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To wean me from mine anguish here.
Teach me too early taught by thee !

To bear, forgiving and forgiven :
On earth thy love was such to me;
It fain would form my hope in heaven !

II.
Away, away! ye notes of woe!

Be silent, thou once soothing strain, Or I must flee from hence; for, oh!

I dare not trust those sounds again. To me they speak of brighter days

But lull the chords ! for now, alas ! . I must not think, I may not gaze

On what I am-on what I was. The voice that made those sounds more sweet

Is hush'd, and all their charms are fled ; And now their softest notes repeat

A dirge, an anthem o'er the dead ! Yes, Thyrza ! yes, they breathe of thee,

Beloved dust! since dust thou art; And all that once was harmony

Is worse than discord to my heart ! 'Tis silent all! but on my ear

The well-remember'd echoes thrill; I hear a voice I would not hear,

A voice that now might well be still, Yet oft my doubting soul 'twill shake:

Even slumber owns its gentle tone, Till consciousness will vainly wake

To listen, though the dream be flown. Sweet Thyrza! waking as in sleep,

Thou art but now a lovely dream;

A star that trembled o'er the deep,

Then turn'd from earth its tender beam. But he, who through life's dreary way

Must pass, when heaven is veil'd in wrath,
Will long lament the vanish'd ray
That scatter'd gladness o'er his path.

III.
One struggle more, and I am free

From pangs that rend my heart in twain; One last long sigh to love and thee,

Then back to busy life again. It suits me well to mingle now

With things that never pleased before : Though every joy is fled below,

What future grief can touch me more ? Then bring me wine, the banquet bring,

Man was not form’d to live alone: I'll be that light unmeaning thing

That smiles with all, and weeps with none. It was not thus in days more dear,

It never would have been, but thou Hast fled, and left me lonely here;

Thou 'rt nothing, all are nothing now. In vain my lyre would lightly breathe !

The smile that sorrow fain would wear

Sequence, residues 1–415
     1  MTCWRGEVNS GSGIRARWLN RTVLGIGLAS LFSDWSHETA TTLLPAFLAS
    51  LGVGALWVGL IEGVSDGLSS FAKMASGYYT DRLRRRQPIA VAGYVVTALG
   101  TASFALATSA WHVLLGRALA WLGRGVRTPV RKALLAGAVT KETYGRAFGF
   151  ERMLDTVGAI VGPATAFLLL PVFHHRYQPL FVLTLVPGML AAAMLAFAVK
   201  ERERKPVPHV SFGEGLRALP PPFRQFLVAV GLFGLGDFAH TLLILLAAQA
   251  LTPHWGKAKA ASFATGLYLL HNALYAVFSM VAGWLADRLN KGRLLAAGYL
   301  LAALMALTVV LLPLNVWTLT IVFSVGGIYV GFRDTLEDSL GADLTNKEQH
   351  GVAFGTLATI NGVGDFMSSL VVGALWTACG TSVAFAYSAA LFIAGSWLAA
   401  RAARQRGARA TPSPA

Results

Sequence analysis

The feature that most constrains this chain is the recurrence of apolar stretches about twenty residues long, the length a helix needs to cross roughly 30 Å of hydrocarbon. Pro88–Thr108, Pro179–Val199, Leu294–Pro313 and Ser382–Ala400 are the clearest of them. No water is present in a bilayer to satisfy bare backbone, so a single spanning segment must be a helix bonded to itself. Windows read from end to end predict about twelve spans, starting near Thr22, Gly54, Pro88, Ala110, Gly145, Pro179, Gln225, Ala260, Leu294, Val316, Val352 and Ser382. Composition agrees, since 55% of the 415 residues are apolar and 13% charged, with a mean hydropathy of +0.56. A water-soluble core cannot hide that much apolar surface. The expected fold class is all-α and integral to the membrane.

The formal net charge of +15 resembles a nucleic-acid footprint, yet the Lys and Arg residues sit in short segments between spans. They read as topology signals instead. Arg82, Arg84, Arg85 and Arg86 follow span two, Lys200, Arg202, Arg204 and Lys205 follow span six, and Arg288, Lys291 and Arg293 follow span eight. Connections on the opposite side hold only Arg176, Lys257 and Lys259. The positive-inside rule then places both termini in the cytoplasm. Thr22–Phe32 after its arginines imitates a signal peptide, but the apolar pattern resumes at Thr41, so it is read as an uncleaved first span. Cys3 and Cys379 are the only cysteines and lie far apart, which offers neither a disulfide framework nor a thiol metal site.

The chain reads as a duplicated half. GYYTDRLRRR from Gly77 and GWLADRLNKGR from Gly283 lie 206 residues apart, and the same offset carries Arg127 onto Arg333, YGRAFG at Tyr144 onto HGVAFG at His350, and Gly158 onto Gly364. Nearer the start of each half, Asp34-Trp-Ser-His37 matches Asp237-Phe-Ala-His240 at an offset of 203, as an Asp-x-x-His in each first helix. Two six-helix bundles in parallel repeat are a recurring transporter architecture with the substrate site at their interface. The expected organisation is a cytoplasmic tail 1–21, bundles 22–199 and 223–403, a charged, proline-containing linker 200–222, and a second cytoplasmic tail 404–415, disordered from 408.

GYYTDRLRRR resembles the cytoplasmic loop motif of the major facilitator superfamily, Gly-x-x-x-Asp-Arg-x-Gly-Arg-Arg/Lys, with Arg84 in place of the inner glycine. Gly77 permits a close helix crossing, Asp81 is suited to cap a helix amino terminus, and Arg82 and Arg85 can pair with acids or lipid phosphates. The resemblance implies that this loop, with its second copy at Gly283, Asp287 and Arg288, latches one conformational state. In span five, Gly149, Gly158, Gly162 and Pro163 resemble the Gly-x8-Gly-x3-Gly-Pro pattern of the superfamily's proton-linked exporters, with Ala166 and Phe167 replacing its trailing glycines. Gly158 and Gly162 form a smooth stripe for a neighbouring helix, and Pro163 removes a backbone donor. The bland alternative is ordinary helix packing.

But mocks the woe that lurks beneath,

Like roses o'er a sepulchre.
Though gay companions o'er the bowl

Dispel awhile the sense of ill,
Though pleasure fires the maddening soul,

The heart--the heart is lonely still !
On many a lone and lovely night

It soothed to gaze upon the sky;

For then I deem'd the heavenly light

Shone sweetly on thy pensive eye: And oft I thought at Cynthia's noon,

When sailing o'er the Ægean wave, “ Now Thyrza gazes on that moon”

Alas, it gleam'd upon her grave! When stretch'd on fever's sleepless bed,

And sickness shrunk my throbbing veins, " 'Tis comfort still,” I faintly said,

“ That Thyrza cannot know my pains :" Like freedom to the time-worn slave,

A boon 'tis idle then to give, Relenting Nature vainly gave

My life, when Thyrza ceased to live ! My Thyrza's pledge in better days,

When love and life alike were new ! How different now thou meet'st my gaze !

How tinged by time with sorrow's hue! The heart that gave itself with thee

Is silent-ah, were mine as still !
Though cold as e'en the dead can be,

It feels, it sickens with the chill.
Thou bitter pledge! thou mournful token!

Though painful, welcome to my breast ! Still, still preserve that love unbroken,

Or break the heart to which thou 'rt prest! Time tempers love, but not removes ;

More hallow'd when its hopes are fled :
Oh! what are thousand living loves
To that which cannot quit the dead ?

IV.
And thou art dead, as young and fair

As aught of mortal birth ;

And form so soft, and charms so rare,

Too soon return'd to earth!
Though earth received them in her bed,
And o'er the spot the crowd may tread

In carelessness or mirth,
There is an eye which could not brook
A moment on that grave to look.
I will not ask where thou liest low,

Nor gaze upon the spot;
There flowers or weeds at will may grow,

So I behold them not:
It is enough for me to prove
That what I loved and long must love

Like common earth can rot;
To me there needs no stone to tell,
'Tis nothing that I loved so well.
Yet did I love thee to the last

As fervently as thou,
Who didst not change through all the past,

And canst not alter now.
The love where death has set his seal,
Nor age can chill, nor rival steal,

Nor falsehood disavow :
And, what were worse, thou canst not see
Or wrong, or change, or fault in me.
The better days of life were ours;

The worst can be but mine :
The sun that cheers, the storm that lowers,

Shall never more be thine.
The silence of that dreamless sleep
I envy now too much to weep;

Nor need I to repine

That all those charms have passed away; .
I might have watch'd through long decay.
The flower in ripen'd bloom unmatch'd

Must fall the earliest prey;
Though by no hand untimely snatch'd,

The leaves must drop away:
And yet it were a greater grief
To watch it withering leaf by leaf

Than see it pluck'd to-day;
Since earthly eye but ill can bear
To trace the change to foul from fair.
I know not if I could have borne

To see thy beauties fade;
The night that followed such a morn

Had worn a deeper shade.
Thy day without a cloud hath past,
And thou wert lovely to the last,

Extinguish'd, not decay'd;
As stars that shoot along the sky
Shine brightest as they fall from high.
As once I wept, if I could weep

My tears might well be shed,
To think I was not near to keep

One vigil o'er thy bed;
To gaze, how fondly ! on thy face,
To fold thee in a faint embrace,

Uphold thy drooping head;
And show that love, however vain,
Nor thou nor I can feel again.
Yet how much less it were to gain,

Though thou hast left me free,
The loveliest things that still remain,

Than thus remember thee !

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